Presentation on theme: "HISP 323 Heritage Tourism Fall Semester 2013. Course Objectives (1) Understand heritage tourism as a distinct and evolved form of travel-based learning."— Presentation transcript:
HISP 323 Heritage Tourism Fall Semester 2013
Course Objectives (1) Understand heritage tourism as a distinct and evolved form of travel-based learning and cultural representation. (2) Explore the categories of actors, zones of activity, and motives for the creation of heritage tourism. (3) Develop understanding of the distinct frames of analysis of tourism, including ethnographic, administrative, economic, cultural, and historical. (4) Understand how heritage tourism works at the national, state, and local levels in the United States.
Four part harmonies to this course (1) A theory of Heritage Tourism and one historic explanation for American Heritage Tourism (2) Explore the mechanics of arts production in leisure time. (3) Understand how architecture plays into the realm of tourism. It is both the container and the cultural production. (4) Really focus on how the mission of the National Park Service has been reworked both expanding its mission and redefining what is central to the visitor experience.
Tests A midterm on Wednesday October 9 th A final examination on Wednesday, December 11 th 3:30-6:00 p.m.
Assignments In-class—participation Out-of-class assignments –Analysis of a heritage attraction –Analysis of the organization and genesis of one of the 47 NPS Heritage Area partnerships.
Types of Tourists – first phase Explorers – quest for discovery (planet shrinking, few in numbers) Elite – seek experience of indigenous and willing to pay for it. Off-beat – seek to get away from tourist crowds, or heighten the tour, put up well.
Types of Tourists - modern Unusual – participates in organized tours of unusual places. Interested but happier with safe foods, not native feast Incipient Mass – steady flow. Tourism is one sector of total economy. Popular destinations. Guided tours and western hotels. Mass tourism – built upon middle class income and values, you get what you pay for. Charter tourists – arrive en masse focused on the tour experience and expect everything is seamlessly planned and prepared.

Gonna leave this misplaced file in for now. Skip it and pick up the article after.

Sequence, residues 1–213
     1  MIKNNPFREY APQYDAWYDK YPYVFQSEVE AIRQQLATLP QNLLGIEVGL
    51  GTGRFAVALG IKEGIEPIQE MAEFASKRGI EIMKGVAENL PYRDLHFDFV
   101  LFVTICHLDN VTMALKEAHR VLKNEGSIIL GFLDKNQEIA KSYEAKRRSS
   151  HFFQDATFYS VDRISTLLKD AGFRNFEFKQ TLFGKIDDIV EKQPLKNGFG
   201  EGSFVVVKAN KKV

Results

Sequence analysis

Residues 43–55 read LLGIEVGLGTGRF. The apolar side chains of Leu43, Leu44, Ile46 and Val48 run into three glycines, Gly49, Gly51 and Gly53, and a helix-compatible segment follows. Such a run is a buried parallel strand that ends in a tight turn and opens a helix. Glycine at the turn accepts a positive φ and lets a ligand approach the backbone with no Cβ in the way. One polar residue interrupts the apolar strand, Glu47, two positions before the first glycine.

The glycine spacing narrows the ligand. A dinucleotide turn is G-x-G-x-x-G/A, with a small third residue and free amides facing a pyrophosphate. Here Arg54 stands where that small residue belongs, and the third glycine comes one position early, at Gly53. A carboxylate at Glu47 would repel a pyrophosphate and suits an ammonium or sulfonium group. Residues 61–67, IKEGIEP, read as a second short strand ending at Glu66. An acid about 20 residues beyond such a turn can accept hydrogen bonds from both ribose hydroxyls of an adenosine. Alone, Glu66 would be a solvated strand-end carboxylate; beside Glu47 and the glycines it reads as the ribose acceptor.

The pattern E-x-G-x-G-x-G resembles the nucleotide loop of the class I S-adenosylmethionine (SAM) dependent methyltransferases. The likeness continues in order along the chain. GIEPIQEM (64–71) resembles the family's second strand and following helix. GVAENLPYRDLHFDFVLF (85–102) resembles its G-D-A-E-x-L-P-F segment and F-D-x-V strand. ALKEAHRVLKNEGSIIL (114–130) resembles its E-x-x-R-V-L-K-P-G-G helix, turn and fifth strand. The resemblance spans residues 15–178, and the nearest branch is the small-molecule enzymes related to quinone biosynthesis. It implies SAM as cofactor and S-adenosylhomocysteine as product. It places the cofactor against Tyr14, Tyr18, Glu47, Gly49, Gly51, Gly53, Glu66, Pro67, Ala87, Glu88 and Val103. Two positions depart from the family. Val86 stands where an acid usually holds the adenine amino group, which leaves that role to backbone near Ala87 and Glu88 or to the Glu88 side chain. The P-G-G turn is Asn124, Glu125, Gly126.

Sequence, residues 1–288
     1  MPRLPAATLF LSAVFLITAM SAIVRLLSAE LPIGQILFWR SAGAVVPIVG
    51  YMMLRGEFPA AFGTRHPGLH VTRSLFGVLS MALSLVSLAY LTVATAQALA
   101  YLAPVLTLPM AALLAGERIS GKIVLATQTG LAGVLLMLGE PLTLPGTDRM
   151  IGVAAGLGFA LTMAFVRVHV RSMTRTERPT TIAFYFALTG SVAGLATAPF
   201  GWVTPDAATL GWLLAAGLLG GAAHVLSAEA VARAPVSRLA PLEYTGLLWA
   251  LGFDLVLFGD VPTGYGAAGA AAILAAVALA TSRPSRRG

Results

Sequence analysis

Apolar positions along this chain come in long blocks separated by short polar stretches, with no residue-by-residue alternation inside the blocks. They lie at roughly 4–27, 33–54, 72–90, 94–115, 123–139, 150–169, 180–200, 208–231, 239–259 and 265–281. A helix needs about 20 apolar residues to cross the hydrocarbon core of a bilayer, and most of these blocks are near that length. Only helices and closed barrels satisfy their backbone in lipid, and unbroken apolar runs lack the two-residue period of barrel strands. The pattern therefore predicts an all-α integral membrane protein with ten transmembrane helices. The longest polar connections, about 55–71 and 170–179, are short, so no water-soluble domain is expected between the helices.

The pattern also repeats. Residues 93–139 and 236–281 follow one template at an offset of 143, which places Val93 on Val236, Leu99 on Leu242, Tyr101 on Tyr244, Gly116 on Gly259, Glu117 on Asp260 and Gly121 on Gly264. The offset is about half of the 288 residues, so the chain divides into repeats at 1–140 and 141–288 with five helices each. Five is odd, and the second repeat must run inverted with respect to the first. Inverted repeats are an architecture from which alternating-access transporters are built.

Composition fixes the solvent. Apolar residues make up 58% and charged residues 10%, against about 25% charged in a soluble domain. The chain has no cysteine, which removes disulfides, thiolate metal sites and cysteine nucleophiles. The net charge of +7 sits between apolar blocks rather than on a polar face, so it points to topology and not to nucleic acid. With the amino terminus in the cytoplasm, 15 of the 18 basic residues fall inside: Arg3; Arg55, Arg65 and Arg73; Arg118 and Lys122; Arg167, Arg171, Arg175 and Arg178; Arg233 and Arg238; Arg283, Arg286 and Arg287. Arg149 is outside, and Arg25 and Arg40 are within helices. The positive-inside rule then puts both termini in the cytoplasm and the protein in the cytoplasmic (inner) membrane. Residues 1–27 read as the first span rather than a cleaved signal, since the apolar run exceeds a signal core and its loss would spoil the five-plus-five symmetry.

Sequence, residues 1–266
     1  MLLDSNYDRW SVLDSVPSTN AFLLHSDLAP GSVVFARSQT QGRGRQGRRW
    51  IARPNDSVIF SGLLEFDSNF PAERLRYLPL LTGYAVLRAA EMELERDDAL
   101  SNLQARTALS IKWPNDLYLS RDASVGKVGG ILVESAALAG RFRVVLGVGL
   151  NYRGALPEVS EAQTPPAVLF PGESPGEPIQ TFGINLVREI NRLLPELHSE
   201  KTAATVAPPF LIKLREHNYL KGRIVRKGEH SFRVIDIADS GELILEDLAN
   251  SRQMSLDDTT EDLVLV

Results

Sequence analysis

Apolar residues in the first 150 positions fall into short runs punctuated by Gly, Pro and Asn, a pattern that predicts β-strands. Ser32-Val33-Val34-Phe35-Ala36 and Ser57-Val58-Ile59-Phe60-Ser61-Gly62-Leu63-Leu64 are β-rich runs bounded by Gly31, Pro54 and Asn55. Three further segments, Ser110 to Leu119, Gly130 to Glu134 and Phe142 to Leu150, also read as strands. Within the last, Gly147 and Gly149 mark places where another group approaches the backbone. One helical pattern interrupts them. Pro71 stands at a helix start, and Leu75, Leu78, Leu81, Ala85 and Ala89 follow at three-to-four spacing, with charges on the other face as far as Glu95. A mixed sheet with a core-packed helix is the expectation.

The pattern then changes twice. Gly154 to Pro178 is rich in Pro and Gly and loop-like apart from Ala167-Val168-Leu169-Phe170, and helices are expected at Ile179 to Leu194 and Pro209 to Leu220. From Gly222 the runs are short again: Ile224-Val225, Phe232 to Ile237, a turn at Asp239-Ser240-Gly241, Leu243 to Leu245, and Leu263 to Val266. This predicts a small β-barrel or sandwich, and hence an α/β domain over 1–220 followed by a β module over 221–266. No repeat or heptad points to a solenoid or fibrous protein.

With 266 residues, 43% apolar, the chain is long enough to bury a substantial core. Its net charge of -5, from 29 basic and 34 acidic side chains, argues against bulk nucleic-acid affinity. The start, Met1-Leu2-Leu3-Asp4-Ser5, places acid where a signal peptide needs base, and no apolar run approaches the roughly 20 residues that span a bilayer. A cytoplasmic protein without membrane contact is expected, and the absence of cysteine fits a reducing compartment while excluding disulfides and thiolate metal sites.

Impact of Tourists Type of TouristAdaptation to local norms Explorer accepts fully Elite adapts fully Off-beat adapts well Unusual adapts somewhat Incipient Mass seeks Western amenities Mass expects Western amenities Charter demands Western amenities
Tourist, attractions, destinations Tourist--temporarily leisured person who voluntarily visits a place away from home for the purpose of experiencing a change. Attraction—A natural or cultural production commodified, or branded to yield a predictable tourist experience. Destination—An area themed or branded by the cluster of attractions clustered by a narrative, or branded as a coherent experience.
Types of Tourism Ethnic tourism – quaint and exotic, off the beaten path Cultural tourism – picturesque, vanishing lifestyles of pre-industrial Historical tourism – glories of the past, tourist industry to service. Renamed: Heritage Environmental tourism – primarily geographic driven man-land relationships Recreational tourism – sand, snow, sea, sex. Relax or enhance health through contact with nature. Gambling is indulgence away from home.
Tourism stages the world as a museum, even as museums try to emulate the experience of travel. Nowhere is the reciprocity, or recursiveness, of the museum effect experienced more keenly than at such well-functioning tourist destinations as Ellis Island, a heritage production that has become the master port of entry for all Americans, regardless of historical period or conditions of a person's arrival. Such a claim for Ellis Island, of course, is deeply problematic. It ignores the chief ports of entry for Americans of non-European descent, as well as immigrants from the post-1965 era. Such historical misrepresentation, however, is far from casual: it is endemic to the entire project of heritage. Steven D. Hoelscher, review of Destination Culture: Tourism, Museums, and Heritage.
Frames of Analysis Administrative – How is it managed Economic – Revenue generated Ethnographic – How does it work Cultural – What does it mean Historic – How has changed
Geographical Coverage Our course will focus almost entirely on North America, principally the United States